The incidence of MS in Korea was 0.1 per 100,000, higher in female than in male. The highest incidence was estimated in the age group between 35 and 44 years in male and age group between 25 and 29 years in female. Total burden of disease of MS was 1,394 DALY, comprised of 292 (21%) years of life lost and 1,101 (79%) years lived with disability. The mean age at onset of MS was 33 years old in men and 32 years old in female. Estimated duration of disease was 35 years in men and 40 years in female. Most of the DALY of MS occurred in the adult population between 25 and 54 years of age.
Although MS is a rare disease in Korea, most of the DALY arises from young people, which results in a major financial burden on the patient, family, health system and society.
PMCID: PMC3521103  PMID: 23251838
Multiple sclerosis; Burden of disease; DISMOD II; Incidence; Prevalence; Quality of Life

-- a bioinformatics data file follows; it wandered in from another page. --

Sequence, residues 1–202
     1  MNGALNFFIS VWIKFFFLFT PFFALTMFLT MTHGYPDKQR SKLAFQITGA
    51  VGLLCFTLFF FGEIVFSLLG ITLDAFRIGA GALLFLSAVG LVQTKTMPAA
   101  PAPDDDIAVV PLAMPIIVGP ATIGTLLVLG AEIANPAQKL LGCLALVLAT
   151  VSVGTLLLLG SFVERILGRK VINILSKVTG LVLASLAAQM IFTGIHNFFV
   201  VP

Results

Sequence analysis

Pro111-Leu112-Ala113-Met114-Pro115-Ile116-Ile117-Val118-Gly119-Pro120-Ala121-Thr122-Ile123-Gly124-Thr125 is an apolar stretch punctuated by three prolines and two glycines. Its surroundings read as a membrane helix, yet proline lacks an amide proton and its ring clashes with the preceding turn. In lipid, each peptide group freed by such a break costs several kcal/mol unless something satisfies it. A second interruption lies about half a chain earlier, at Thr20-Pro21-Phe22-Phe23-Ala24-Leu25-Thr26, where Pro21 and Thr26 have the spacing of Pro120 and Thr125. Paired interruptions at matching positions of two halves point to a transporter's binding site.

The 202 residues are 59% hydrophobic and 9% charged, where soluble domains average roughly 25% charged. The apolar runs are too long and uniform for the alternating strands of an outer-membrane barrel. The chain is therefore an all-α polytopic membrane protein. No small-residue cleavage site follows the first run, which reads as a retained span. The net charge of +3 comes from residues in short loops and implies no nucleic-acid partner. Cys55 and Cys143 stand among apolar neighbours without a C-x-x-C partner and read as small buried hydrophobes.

16.  IL-32 and IL-17 interact and have the potential to aggravate osteoclastogenesis in rheumatoid arthritis 
Arthritis Research & Therapy  2012;14(6):R246.
Interleukin (IL)-32 and IL-17 play critical roles in pro-inflammatory responses and are highly expressed in the synovium of patients with rheumatoid arthritis (RA). We investigated the relations between these two cytokines (IL-17 and IL-32) for their ability to induce each other and to stimulate osteoclasts in RA fibroblast-like synoviocytes (FLSs) and T cells.
FLSs were isolated through surgical synovectomy obtained from patients with RA or osteoarthritis (OA). Real-time PCR were performed to evaluate the expression of IL-32, IL-17 and osteoclast-related genes. Immunohistochemical staining and tartrate-resistant acid phosphatase (TRAP) staining were performed to determine the distribution of inflammatory cytokines and the presence of osteoclastogenesis.
IL-17 induced the expression of IL-32 in the FLSs from RA patients, as assessed by microarray. IL-32 production was increased by IL-17. IL-32 in the FLSs from RA patients induced the production of IL-17 in CD4+ T cells. IL-32 and IL-17 were colocalized near TRAP-positive areas in joint specimens. IL-17 and IL-32 synergistically induced the differentiation of osteoclasts, as demonstrated by the expression of osteoclast-related genes. IL-32 and IL-17 also could induce resorption by osteoclasts in a RANKL-dependent manner.